8. Cap, Log and Record
As you complete your ecobrick, make sure it is not packed to overflowing. There should be about 1-2cm between the cap and the plastic inside. The cap (HDPE) is made of a different type of plastic than the bottle (PET) and is the weakest part of the ecobrick. Plastic should not be pushing up against the lid, otherwise the pressure will inevitably crack the lid over the years.
Once sealed be sure to record your ecobrick. Recoding how much plastic you are securing is an essential part of plastic transition. This helps us to calculate our plastic transition ratio and when everyone in your class, school, company, is adding up their plastic, it let’s us share the regenerative impact of our community.
As your ecobrick is recorded, be sure to write its essential information on the ecobrick. In particular…
- Your name
- Date and year
- The intended Community Project
- Serial Number (generated by the GoBrik App)
- Final weight
By tracking and recording ecobricks, you put energy into the continuation of ecobricking and encouraging best practices. Tracking ecobricks is key to preparing for building projects and to the long-term continuation of ecobricking. Record data such as the maker of the ecobrick, the weight, the bottle volume, the quality, etc. This way you can track your community’s ecobricking progress.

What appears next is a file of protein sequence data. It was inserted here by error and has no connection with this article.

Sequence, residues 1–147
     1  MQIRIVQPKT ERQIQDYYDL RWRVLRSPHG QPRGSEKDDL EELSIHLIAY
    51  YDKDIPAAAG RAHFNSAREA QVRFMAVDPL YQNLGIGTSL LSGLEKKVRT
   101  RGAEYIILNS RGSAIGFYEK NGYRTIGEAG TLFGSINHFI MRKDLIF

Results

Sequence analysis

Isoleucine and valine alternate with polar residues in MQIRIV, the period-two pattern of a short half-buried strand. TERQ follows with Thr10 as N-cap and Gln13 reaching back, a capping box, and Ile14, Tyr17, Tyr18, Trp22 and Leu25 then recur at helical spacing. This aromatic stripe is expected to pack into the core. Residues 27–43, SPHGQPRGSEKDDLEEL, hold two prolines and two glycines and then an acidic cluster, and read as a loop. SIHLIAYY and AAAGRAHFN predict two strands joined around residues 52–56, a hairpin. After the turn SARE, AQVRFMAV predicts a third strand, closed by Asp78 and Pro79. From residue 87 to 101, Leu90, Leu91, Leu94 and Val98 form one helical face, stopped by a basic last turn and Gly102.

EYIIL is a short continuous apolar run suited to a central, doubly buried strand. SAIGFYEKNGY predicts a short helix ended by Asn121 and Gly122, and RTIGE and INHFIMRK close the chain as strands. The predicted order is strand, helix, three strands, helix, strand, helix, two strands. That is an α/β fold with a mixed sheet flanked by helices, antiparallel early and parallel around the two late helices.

We’ve worked hard to craft a universal web app for you to use to log and connect your ecobricks with those in your community. We’ve also made a point chart and sample log form in our Vision Ecobrick Guide that can be photocopied.
Simply visit www.GoBrik.com with the web browser on your phone, sign in with Facebook or email, create an account, then begin to log your ecobricks. GoBrik will do the rest– compiling stats for you and your community.
As you log and record your ecobricks key details either on paper or on the GoBrik app, record the key data on the ecobrick also. This will help people to recognize that the ecobrick has been logged, indicate the quality and age of the ecobrick, and point to its history. Be sure to use a permanent means of recording your ecobrick. Your ecobrick will endure for years, decades, and centuries. The more information we can leave future generations, the richer our gift. Recording the GoBrik generated serial number onto the ecobrick also enables the valuation of the ecobrick, the full tracking of its historical data, and enables a verification of its quality and historical data.
Avoid using paper labels, tape, or stickers to record the data. These methods will last for several years at best then fall off.
After much experimentation, we have found that enamel paint, nail polish and permanent makers work best (in that order).
- Enamel paint, modelling paint, or oil paint usually comes in a metal can or glass jar. Use a paint brush to carefully and clearly enscribe the ecobrick’s data. The paint bonds to the plastic and is almost impossible to remove. Use contrasting colors like white and black to make your writting stand out.